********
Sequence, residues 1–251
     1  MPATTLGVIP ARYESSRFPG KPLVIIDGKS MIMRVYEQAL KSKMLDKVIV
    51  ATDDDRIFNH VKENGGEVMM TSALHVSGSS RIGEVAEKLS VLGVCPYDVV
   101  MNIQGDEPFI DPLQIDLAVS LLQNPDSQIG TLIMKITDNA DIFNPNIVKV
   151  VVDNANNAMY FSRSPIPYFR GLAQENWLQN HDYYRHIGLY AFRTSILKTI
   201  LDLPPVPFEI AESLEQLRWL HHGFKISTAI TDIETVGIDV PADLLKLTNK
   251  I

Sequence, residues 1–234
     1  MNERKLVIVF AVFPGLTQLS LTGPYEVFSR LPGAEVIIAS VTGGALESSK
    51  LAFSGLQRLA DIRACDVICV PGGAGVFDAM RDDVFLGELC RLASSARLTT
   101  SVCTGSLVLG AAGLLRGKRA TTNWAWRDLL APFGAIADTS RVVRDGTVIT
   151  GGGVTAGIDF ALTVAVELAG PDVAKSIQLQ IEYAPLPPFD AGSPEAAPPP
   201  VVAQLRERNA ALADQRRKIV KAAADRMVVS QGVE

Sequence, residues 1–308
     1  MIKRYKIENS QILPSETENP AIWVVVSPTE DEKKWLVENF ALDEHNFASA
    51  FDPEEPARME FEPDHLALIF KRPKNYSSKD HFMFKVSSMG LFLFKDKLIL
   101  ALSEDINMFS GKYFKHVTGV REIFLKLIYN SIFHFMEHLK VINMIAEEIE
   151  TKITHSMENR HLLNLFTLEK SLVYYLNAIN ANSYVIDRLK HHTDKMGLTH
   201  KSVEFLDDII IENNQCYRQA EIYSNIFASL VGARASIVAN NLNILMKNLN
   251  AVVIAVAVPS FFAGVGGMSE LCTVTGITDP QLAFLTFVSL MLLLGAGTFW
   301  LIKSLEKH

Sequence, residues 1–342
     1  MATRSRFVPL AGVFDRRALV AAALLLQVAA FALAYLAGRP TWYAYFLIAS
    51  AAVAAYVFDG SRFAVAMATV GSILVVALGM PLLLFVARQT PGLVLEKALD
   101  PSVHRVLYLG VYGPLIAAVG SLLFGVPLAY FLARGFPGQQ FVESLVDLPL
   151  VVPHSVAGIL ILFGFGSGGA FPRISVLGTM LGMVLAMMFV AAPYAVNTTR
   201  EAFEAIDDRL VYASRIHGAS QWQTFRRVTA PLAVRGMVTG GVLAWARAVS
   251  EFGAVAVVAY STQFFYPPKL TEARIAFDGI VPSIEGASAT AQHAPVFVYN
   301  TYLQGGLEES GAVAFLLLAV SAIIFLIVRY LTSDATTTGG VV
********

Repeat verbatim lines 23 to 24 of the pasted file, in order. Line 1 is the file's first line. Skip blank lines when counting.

     1  MATRSRFVPL AGVFDRRALV AAALLLQVAA FALAYLAGRP TWYAYFLIAS
    51  AAVAAYVFDG SRFAVAMATV GSILVVALGM PLLLFVARQT PGLVLEKALD